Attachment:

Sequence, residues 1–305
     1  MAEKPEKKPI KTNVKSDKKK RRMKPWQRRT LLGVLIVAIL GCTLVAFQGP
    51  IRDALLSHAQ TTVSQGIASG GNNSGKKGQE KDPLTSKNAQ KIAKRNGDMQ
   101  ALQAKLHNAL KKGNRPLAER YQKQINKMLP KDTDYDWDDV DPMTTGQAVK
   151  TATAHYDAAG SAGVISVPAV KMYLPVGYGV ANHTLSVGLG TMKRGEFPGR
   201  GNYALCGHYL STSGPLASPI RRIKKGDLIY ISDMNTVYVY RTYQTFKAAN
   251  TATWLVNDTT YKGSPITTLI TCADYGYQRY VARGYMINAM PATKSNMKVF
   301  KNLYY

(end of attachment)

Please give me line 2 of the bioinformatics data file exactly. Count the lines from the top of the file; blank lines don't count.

     1  MAEKPEKKPI KTNVKSDKKK RRMKPWQRRT LLGVLIVAIL GCTLVAFQGP